#DoesItWorkSummary: Topical Painkillers for Acute and Chronic Pain

By Atanas G. Atanasov


Background: This #DoesItWorkSummary is based on the findings of an Overview of Cochrane Systematic Reviews published in May 2017 [1]. Topical painkillers are used for diverse conditions, some of which are acute (lasting less than three months, mostly strains or sprains), and others are chronic (lasting more than three months, mostly osteoarthritis of hand or knee, or neuropathic pain). A systematic evaluation of the available human trial data was performed to get overview for the efficacy and possible side effects of different topical painkillers that are routinely prescribed for acute or chronic pain conditions.

#DoesItWorkSummary: Topical Painkillers for Acute and Chronic Pain

Findings: Analyzed were thirteen Cochrane Reviews, involving overall 206 trials with around 30,700 participating people [1]. Treatment was considered to be effective if it was able to reduce pain by at least half (at least 50%). There is strong evidence that diclofenac Emulgel, ketoprofen gel, piroxicam gel, and diclofenac plaster are effective for acute (strains and sprains) pain, helping to reduce the pain by at least half over about a week in around 1 in 2 to 1 in 5 people that are treated. It is important to consider that if someone does not experience improvement from one of the treatments, there is still a good chance that some of the other listed treatments might help. For hand and knee osteoarthritis (chronic pain) topical diclofenac and topical ketoprofen (both of which belong to the group of nonsteroidal anti‐inflammatory drugs, NSAIDs [2]) rubbed on the skin for at least 6 to 12 weeks help to reduce pain by at least half in around 1 in 5 to 1 in 10 people that are treated. For postherpetic neuralgia (another kind of chronic pain), a single topical application of high‐concentration capsaicin (compound derived from chili peppers) can reduce pain by at least half in around 1 in 12 people for 8 to 12 weeks. Serious side effects of the discussed topical painkillers were not common. Chronic treatment with capsaicin and diclofenac resulted in mild local side events (such as itching or rash) in some of the treated people.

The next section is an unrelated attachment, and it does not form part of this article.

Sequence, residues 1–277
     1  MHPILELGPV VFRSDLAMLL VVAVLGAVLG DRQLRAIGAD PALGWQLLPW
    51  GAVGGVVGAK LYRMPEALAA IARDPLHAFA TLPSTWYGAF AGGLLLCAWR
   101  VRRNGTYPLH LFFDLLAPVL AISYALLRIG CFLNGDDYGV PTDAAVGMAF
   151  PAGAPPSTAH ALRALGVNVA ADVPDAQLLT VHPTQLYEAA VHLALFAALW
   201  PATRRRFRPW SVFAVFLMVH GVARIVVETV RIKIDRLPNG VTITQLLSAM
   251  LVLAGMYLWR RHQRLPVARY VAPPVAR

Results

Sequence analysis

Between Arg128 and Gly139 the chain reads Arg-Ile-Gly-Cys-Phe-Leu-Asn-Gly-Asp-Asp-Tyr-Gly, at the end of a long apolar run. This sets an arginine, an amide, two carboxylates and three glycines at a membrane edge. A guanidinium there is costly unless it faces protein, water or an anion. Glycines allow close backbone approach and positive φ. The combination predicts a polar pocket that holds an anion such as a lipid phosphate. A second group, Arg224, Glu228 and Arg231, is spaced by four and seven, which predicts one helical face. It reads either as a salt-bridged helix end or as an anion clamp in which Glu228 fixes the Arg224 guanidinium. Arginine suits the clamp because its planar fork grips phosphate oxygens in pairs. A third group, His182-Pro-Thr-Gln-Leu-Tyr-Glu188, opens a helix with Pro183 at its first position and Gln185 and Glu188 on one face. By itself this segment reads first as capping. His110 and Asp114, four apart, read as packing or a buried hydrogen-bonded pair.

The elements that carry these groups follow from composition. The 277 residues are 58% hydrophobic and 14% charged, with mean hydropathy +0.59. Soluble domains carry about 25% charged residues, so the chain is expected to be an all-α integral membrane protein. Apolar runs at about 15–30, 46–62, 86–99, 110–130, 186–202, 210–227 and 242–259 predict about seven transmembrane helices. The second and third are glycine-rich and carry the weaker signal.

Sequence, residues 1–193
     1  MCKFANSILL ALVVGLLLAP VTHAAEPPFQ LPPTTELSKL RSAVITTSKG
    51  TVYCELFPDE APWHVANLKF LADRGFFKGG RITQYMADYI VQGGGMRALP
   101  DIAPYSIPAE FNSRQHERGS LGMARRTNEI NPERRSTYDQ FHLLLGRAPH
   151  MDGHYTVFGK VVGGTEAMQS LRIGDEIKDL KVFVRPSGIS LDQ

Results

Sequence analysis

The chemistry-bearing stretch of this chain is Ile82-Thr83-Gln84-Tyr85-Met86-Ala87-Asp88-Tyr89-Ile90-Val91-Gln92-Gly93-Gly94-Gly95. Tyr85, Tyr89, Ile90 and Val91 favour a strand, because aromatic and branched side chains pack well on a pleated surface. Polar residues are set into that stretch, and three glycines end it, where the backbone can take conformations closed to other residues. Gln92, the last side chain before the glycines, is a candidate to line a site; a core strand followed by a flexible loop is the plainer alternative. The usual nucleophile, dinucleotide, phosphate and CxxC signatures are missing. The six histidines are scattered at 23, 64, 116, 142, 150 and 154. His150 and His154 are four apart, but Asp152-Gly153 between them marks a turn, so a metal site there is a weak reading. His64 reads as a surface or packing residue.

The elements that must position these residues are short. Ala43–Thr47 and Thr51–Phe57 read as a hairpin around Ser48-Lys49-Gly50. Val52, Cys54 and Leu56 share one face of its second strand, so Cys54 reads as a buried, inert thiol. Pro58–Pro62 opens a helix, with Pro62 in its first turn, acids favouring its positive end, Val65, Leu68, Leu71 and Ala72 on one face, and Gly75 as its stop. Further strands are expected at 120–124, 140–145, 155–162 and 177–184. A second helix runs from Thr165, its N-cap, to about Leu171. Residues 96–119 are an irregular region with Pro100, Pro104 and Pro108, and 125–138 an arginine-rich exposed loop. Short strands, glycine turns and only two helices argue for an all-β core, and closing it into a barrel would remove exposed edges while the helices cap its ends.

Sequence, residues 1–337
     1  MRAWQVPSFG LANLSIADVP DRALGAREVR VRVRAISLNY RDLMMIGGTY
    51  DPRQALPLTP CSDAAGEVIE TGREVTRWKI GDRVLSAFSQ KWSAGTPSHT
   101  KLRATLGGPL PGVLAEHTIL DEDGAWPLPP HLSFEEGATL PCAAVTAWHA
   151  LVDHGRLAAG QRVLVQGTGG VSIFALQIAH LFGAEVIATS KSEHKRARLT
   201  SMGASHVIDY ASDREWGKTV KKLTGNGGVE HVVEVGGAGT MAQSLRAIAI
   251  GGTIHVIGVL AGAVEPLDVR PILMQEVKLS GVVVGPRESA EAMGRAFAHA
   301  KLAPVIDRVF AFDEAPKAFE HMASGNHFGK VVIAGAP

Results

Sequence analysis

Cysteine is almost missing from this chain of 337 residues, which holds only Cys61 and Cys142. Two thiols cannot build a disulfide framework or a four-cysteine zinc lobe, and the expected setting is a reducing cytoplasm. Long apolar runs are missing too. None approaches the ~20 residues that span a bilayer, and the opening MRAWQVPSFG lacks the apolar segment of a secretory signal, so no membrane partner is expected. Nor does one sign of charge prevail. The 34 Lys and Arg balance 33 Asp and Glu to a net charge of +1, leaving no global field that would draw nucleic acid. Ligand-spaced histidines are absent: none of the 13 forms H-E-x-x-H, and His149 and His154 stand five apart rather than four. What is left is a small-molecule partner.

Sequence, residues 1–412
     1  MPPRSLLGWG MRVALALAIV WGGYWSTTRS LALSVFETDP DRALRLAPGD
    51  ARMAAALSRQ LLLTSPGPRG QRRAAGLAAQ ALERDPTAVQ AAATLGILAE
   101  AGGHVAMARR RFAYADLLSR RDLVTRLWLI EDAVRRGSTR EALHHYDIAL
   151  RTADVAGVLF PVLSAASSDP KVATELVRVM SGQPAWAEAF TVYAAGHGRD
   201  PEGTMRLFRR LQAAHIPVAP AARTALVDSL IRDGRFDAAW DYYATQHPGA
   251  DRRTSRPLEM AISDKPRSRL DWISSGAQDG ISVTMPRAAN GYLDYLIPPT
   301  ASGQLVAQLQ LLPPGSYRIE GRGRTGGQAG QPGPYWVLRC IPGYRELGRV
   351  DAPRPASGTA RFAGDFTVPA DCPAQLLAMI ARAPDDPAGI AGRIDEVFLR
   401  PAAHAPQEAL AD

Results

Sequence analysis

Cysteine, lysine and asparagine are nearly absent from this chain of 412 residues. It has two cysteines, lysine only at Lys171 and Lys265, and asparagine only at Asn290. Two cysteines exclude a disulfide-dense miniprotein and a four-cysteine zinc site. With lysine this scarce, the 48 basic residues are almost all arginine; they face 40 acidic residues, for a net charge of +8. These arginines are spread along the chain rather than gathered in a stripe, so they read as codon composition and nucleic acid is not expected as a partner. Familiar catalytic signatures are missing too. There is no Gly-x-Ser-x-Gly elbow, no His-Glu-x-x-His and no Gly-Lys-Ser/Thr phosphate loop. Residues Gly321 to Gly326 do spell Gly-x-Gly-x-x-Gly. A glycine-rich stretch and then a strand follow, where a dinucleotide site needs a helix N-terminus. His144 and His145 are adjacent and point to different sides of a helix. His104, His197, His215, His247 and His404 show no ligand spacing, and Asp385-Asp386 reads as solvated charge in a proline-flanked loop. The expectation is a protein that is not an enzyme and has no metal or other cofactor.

1          Derry, S., Wiffen, P.J., Kalso, E.A., Bell, R.F., Aldington, D., Phillips, T., Gaskell, H. and Moore, R.A. (2017) Topical Analgesics for Acute and Chronic Pain in Adults – an Overview of Cochrane Reviews. Cochrane Database of Systematic Reviews, John Wiley & Sons, Ltd. https://doi.org/10.1002/14651858.CD008609.pub2.

2          Rao, P. and Knaus, E.E. (2008) Evolution of Nonsteroidal Anti-Inflammatory Drugs (NSAIDs): Cyclooxygenase (COX) Inhibition and Beyond. Journal of pharmacy & pharmaceutical sciences : a publication of the Canadian Society for Pharmaceutical Sciences, Societe canadienne des sciences pharmaceutiques, 11, 81s–110s. http://www.ncbi.nlm.nih.gov/pubmed/19203472.


Keywords: #DoesItWorkSummary, topical painkillers, acute pain, chronic pain, capsaicin, ostherpetic neuralgia, nonsteroidal anti‐inflammatory drugs, NSAIDs, diclofenac Emulgel, ketoprofen gel, piroxicam gel, diclofenac plaster, neuropathic pain, osteoarthritis of hand or knee.


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